Democrats Want Prisoners to Vote From Behind Bars

Amid all of 2017’s talk of politicians flouting the law to enrich themselves, hid their dirty dealings at the risk of national security, and force themselves on unwilling women, apparently at least one Democrat had the bright idea to decide now was the time to remind America just how pro-lawbreaking their party really is.

PJ Media reports that ranking House Judiciary Committee Democrat Rep. John Conyers spoke this week at — where else? — a capitol hill event organized by professional race-baiter Al Sharpton’s National Action Network. There, he said the following:

I’m for allowing people who are incarcerated to have the right to vote. Why not? They’re citizens. No matter what they’ve done, and I’m not defending any of their conduct, but all of it wasn’t bad – but all I’m saying is expanding the vote and eliminating structural barriers is critical […]

In the area of voting rights protections, the Justice Department has literally changed sides since the new administration has come in. They are throwing out some of the modest progress that was beginning to be made. And so we’ve got a lot to do. Voter suppression is now a policy objective of this administration […]

The myth that voter fraud is rampant and our elections infiltrated by undocumented immigrants continues to be used as a pretext for state legislatures across the country to make it harder for minorities to vote. The real objective is to achieve a cynical partisan political outcome. Researchers have found that the laws have a dramatic and discouraging effect on minority turnout.

Hoo boy, where to begin? First, he is simply lying to insinuate that merely requiring photo identification constitutes “voter suppression,” and to claim that voter fraud is not a real problem. As the Washington Examiner’s Byron York has detailed, our old buddy Al Franken probably made it to the Senate in the first place due to voter fraud, and as election integrity expert John Fund has written in National Review:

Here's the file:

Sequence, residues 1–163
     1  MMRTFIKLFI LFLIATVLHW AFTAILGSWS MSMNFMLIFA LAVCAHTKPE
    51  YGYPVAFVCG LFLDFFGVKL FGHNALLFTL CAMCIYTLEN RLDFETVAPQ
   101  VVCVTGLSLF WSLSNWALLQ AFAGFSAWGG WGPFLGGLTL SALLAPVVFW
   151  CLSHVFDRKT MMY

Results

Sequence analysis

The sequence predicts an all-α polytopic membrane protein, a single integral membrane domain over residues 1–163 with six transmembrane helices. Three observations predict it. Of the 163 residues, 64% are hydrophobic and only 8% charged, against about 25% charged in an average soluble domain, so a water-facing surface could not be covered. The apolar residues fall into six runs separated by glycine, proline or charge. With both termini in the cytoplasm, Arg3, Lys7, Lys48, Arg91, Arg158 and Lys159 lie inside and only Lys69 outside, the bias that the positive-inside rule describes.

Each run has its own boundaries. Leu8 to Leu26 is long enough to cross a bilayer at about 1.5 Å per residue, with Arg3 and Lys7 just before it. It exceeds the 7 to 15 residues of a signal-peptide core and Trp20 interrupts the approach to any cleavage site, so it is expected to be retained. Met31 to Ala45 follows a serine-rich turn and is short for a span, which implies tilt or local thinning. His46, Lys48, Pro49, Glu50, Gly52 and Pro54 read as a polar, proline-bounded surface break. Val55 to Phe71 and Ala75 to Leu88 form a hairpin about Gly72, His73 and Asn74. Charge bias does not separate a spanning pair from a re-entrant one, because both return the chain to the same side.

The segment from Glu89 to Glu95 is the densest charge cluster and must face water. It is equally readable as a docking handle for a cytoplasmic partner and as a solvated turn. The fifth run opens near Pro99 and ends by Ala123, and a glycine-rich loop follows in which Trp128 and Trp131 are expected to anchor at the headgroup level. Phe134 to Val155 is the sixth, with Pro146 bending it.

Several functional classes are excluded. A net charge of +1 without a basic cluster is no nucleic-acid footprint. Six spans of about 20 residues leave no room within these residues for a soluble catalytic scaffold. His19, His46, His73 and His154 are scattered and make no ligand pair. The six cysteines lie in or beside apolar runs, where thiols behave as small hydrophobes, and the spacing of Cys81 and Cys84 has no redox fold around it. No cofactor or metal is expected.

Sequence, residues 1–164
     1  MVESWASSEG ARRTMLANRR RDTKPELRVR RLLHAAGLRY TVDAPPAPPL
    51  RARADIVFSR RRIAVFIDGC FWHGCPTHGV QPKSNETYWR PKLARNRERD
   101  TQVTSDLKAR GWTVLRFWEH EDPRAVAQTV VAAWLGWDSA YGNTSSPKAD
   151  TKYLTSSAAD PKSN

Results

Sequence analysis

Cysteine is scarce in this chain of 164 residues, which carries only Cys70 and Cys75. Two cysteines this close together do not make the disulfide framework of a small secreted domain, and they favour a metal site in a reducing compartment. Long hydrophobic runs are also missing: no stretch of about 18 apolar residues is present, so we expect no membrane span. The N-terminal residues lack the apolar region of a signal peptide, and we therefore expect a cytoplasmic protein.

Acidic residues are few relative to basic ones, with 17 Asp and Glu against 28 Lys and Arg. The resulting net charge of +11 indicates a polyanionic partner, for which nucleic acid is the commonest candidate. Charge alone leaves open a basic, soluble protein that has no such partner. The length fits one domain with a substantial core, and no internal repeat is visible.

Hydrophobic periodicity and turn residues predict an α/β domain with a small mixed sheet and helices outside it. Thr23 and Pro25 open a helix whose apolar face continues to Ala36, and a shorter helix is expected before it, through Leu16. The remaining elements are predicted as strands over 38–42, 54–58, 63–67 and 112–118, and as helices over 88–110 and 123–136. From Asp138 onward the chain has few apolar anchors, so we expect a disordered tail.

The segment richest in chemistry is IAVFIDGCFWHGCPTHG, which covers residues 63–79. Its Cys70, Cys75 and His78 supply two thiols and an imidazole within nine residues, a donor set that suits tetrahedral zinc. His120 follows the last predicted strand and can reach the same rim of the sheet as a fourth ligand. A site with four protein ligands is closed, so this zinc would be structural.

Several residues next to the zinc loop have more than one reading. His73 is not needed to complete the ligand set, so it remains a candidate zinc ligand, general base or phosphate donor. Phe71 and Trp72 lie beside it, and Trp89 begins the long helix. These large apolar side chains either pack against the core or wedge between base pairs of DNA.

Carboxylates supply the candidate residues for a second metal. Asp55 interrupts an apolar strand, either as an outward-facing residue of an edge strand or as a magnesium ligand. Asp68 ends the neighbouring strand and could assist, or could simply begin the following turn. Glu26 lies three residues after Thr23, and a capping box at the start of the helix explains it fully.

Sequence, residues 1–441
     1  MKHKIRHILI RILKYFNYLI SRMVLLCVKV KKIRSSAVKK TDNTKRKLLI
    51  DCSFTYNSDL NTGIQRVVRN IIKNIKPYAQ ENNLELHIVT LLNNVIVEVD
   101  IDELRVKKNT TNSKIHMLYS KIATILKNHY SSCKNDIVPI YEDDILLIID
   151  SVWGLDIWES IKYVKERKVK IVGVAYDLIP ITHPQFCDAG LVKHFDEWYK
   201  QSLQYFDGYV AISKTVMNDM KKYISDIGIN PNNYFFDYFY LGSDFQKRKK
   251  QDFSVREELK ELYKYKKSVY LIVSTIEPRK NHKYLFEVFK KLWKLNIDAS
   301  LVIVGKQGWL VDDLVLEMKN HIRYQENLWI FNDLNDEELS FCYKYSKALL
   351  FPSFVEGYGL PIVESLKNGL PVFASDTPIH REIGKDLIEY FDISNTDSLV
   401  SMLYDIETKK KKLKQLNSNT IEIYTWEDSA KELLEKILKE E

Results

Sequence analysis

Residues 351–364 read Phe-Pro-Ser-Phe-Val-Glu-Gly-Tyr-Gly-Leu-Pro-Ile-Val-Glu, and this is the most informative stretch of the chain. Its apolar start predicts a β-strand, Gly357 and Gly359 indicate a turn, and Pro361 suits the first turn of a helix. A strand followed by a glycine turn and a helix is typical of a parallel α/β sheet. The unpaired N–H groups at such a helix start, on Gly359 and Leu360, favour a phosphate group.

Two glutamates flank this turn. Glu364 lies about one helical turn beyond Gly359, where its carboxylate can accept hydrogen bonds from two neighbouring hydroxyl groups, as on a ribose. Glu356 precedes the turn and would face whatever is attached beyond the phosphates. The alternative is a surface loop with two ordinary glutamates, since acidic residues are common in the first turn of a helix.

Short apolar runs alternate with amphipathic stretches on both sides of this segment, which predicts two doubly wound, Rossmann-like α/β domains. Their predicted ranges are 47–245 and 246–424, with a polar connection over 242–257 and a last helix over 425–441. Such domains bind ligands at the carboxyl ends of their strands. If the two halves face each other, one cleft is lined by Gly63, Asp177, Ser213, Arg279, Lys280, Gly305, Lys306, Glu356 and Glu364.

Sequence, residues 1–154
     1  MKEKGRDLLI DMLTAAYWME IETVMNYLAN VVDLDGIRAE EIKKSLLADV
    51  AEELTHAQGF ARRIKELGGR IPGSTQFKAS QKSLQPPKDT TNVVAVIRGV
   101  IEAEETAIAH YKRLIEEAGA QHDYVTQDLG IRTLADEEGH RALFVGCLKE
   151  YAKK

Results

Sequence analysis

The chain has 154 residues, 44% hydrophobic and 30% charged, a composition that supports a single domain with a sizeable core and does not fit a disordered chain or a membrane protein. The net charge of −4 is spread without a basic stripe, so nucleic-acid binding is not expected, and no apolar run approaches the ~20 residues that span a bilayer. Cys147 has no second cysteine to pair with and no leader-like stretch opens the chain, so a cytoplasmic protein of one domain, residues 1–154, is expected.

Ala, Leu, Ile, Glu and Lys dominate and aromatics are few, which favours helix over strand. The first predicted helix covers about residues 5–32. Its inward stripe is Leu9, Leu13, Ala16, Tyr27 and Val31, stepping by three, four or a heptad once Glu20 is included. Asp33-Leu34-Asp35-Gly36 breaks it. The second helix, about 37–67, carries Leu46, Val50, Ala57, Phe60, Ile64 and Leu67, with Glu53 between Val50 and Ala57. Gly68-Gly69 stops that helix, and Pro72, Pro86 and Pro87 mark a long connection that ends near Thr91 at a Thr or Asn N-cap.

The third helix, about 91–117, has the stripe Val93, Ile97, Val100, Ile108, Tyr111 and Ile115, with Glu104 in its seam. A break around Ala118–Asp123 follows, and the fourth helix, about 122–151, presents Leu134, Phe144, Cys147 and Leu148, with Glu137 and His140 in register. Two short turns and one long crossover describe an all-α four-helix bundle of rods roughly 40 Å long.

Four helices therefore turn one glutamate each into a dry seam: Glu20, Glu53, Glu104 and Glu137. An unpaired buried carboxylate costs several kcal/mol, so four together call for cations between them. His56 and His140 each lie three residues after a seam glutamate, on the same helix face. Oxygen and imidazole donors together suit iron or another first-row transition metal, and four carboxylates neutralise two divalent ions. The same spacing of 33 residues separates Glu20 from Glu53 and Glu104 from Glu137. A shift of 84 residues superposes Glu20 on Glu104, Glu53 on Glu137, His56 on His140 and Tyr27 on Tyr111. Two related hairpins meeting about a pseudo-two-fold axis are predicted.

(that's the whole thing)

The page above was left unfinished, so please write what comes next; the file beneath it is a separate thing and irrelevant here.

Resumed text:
The potential for fraud is also considerable [in Philadelphia]. “People working the polls don’t ask for ID,” says Jimmy Tayoun, a former city councilman who went to prison in the 1990s for corruption. “You can flood a lot of phony names on phony addresses, and there’s no way they’re going to check.” In 1993, a federal judge had to overturn a special state senate election in which Democratic precinct workers had gone door to door with absentee ballot forms and “helped” voters fill them out. Ed Rendell, then Philadelphia’s mayor and later the state’s governor, explained away the irregularities at the time by saying, “I don’t think it’s anything that’s immoral or grievous, but it clearly violates the election code.”

Second, the Founders never envisioned voting as a “right” on the same level of speech or religion, and more to the point the Constitution expressly provides for the revocation of rights, provided it is done via due process of law, such as a criminal conviction.

Third, I suppose we can all understand why Conyers of all people would want to take up this issue now: as TFPP reported, this week he’s become embroiled in a scandal revolving around allegations that he sexually harassed women…and used taxpayer money to settle their complaints.

After all, if I was suddenly paranoid about the worst-case scenario leading me to a cell of my own, I too might be tempted to start laying some groundwork for being able to vote from the Big House.